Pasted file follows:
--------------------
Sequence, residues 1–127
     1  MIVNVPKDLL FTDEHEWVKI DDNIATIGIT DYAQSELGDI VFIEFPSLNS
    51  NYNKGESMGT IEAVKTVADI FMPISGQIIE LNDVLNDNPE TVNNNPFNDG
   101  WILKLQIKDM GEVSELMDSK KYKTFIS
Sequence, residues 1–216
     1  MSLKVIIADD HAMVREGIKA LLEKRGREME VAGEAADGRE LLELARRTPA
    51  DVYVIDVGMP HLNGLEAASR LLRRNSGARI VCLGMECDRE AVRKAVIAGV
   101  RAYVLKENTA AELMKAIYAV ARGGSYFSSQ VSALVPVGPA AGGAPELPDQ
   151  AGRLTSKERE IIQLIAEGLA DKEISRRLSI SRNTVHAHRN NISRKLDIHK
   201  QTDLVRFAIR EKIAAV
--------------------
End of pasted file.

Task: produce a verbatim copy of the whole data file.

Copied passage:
Sequence, residues 1–127
     1  MIVNVPKDLL FTDEHEWVKI DDNIATIGIT DYAQSELGDI VFIEFPSLNS
    51  NYNKGESMGT IEAVKTVADI FMPISGQIIE LNDVLNDNPE TVNNNPFNDG
   101  WILKLQIKDM GEVSELMDSK KYKTFIS
Sequence, residues 1–216
     1  MSLKVIIADD HAMVREGIKA LLEKRGREME VAGEAADGRE LLELARRTPA
    51  DVYVIDVGMP HLNGLEAASR LLRRNSGARI VCLGMECDRE AVRKAVIAGV
   101  RAYVLKENTA AELMKAIYAV ARGGSYFSSQ VSALVPVGPA AGGAPELPDQ
   151  AGRLTSKERE IIQLIAEGLA DKEISRRLSI SRNTVHAHRN NISRKLDIHK
   201  QTDLVRFAIR EKIAAV